Reserve some coconut milk, carrots and bell pepper for garnish
(I added pineapple chunks and served lime wedges and cilantro on the side)

In medium sauce pan, heat olive oil on medium heat and cool chopped onions, carrots, and red bell pepper for approximately 5 minutes. Add curry paste, brown sugar, chicken, rice and fish sauce stirring and sauteing everything until curry paste is completely incorporated (approx 2-3 minutes). Pour chicken broth and cooconut milk into the pan and give it a good stir for a half minute. Reduce heat to a medium and allow the soup to cook for 15-20 minutes. Serve with a spoonful of coconut milk added on top with a few match stick carrots and slice of bell pepper for garnish or add pineapple and cilantro and lime wedges!

Friday, February 1, 2013

Is It Local? - Roasted Lemon Chicken (aka Colin)

Close-up of the roast chicken.
Sunday dinners are the night when I generally have the most time to prepare a meal. AJ and I have been doing a pretty good job of hitting up the local farmer's market each Sunday, so I always have tons of fresh produce and inspiration to draw on for dinner that night. We have passed by the chicken producer for the past few weeks and finally decided to buy a chicken! If any of you watch Portlandia, I couldn't help but be reminded of the "Is it local?" sketch about eating an organic chicken. We named our chicken "Colin" in honor of Portlandia. Although you may think it odd to name the chicken you are going to eat, it certainly made me appreciate the meal more. Sure, Portlandia goes a bit over-the-top. But after all, if you're going to eat meat, why not embrace the fact that this was once a living creature?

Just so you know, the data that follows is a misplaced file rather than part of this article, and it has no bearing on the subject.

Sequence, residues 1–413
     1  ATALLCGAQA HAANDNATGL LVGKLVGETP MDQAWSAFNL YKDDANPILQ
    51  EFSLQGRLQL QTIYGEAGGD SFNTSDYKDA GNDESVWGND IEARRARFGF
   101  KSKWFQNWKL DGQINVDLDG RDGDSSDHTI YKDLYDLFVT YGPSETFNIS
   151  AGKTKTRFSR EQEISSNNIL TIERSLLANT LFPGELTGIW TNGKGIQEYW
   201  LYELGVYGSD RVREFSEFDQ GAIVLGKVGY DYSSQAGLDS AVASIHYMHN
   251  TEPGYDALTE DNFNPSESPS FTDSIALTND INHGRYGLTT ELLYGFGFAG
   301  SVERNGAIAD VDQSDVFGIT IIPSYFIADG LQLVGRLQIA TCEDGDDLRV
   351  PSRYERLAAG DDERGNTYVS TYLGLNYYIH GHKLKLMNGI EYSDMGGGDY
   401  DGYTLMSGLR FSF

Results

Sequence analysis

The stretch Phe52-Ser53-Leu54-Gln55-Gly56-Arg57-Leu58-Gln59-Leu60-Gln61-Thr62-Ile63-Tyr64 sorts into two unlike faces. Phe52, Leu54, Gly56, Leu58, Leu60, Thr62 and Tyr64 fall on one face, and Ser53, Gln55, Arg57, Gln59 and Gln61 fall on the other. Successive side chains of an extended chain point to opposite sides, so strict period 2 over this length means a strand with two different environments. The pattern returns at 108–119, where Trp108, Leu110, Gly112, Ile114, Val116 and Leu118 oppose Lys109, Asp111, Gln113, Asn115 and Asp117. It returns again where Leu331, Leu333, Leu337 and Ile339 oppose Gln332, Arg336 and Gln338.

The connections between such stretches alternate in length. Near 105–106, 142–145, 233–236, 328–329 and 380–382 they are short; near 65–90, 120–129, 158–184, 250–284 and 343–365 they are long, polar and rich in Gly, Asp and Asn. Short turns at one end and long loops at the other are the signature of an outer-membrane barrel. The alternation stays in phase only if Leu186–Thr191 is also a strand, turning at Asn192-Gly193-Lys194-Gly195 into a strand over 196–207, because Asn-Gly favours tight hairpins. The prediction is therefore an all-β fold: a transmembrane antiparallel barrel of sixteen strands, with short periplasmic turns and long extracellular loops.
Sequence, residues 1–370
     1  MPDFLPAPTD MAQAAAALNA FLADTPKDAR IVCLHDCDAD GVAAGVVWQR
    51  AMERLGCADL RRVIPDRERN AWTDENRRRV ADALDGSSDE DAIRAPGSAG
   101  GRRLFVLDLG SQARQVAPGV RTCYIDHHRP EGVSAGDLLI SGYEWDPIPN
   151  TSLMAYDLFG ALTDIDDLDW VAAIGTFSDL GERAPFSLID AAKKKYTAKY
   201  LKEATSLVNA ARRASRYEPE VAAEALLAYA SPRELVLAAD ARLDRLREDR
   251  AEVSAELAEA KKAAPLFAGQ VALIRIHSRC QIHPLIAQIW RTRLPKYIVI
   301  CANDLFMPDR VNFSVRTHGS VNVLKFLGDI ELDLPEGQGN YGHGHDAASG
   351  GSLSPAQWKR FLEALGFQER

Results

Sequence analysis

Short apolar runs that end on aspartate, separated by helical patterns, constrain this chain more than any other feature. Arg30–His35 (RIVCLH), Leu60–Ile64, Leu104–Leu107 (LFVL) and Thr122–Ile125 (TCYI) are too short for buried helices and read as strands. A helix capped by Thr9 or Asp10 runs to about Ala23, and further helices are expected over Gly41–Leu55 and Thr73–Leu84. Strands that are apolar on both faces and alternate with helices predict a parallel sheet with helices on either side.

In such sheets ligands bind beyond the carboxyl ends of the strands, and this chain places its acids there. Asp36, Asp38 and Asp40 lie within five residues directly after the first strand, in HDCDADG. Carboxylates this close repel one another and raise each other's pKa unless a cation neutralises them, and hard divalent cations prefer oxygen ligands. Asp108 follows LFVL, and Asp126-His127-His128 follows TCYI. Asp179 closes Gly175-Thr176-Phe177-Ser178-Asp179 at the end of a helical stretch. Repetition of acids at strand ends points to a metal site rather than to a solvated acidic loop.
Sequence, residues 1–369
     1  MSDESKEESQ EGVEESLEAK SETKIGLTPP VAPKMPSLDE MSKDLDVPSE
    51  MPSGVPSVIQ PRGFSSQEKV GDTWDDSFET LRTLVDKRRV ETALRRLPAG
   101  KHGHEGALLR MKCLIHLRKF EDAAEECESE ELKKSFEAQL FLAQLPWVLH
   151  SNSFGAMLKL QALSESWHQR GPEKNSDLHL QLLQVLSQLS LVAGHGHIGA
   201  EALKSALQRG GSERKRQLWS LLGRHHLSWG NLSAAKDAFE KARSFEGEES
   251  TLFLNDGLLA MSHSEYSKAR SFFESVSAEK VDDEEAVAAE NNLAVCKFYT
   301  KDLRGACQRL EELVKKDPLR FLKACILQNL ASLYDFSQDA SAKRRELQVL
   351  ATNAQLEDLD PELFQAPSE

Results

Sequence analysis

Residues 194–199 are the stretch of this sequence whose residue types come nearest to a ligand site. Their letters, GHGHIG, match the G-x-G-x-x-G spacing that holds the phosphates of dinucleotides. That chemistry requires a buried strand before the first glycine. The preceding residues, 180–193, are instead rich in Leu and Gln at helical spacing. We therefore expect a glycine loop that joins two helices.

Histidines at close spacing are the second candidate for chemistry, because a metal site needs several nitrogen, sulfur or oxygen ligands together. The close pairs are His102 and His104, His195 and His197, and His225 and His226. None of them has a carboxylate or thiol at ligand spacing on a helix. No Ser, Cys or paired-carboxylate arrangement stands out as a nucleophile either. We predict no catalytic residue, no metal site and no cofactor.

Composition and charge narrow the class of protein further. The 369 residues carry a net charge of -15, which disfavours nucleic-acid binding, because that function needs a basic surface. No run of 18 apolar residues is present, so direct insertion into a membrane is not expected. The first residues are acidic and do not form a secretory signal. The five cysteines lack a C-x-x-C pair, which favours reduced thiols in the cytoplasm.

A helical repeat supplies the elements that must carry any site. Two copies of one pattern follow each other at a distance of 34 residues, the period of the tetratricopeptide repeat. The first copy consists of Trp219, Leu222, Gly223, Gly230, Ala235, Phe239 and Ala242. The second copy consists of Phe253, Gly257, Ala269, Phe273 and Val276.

Getting ready to roast Colin.

"He looks like a happy little guy that runs around." "I don't know if I can speak to that intimate knowledge about him, but they do a lot to make sure they are happy." Portlandia does a great job of pointing out the fallacies of the humanely-raised argument. Does it really matter if you raise a "happy" animal if you are just going to kill it and eat it? It is certainly an interesting argument. I have to say I lean toward supporting it. I feel a lot better about killing an animal that has been raised in a cage-free, "natural" environment than one that is so overweight it can no longer walk. Omnivore's Dilemma and Food, Inc. outline this issue very well. I may have to reread Omnivore's Dilemma!

Blood capillaries, cavity, and all. You can see the lemon.
Stepping off the soap box. Ok, back to Colin. The roast lemon chicken recipe is one my mom passed down to me, and it may be the easiest recipe you've ever made. First, preheat the oven to 375 degrees. Second, cover the skin with a few teaspoons of oil and season with salt and pepper. Third, prick a lemon with a fork and stick the lemon inside the cavity of the chicken (I used toothpicks to close up the cavity). Lastly, toss sliced onion, potatoes, and carrots in olive oil, rosemary, thyme, salt, and pepper and put them on the pan next to the chicken. Cook for 1 hour and 40 minutes (or until meat is 160 degrees F). My bird was smaller than your Perdue chicken, so it only took 1 hour or so. I also made sure the temp was 160 F. This makes for a juicy, lemony bird. Thanks Colin!

Homemade honey whole wheat bread!
And because this recipe was so easy I decided why not make my own bread while I'm at it. In retrospect this wasn't the smartest thing to make at the same time, seeing as my kitchen isn't Rachel Ray's. Where is my second oven at? Luckily, the hardest thing about baking bread is the waiting. I had to wait 1 hour and 40 minutes for this bread to rise! I used a simple whole wheat buttermilk recipe and with my kitchen aid dough hook this came together quickly (seriously that dough hook is genius). Fast forward 3 hours later and dinner was ready! Who says no one has time to make dinner...wait... So just make this dinner on Saturday or Sunday when you have a lot of free time. :) 

The bread didn't rise as high as I would have liked, but it was tasty. My coworkers said it tasted better than store bought, so there you go. I froze the second loaf for when I am in need of sandwich bread or something to serve alongside soup.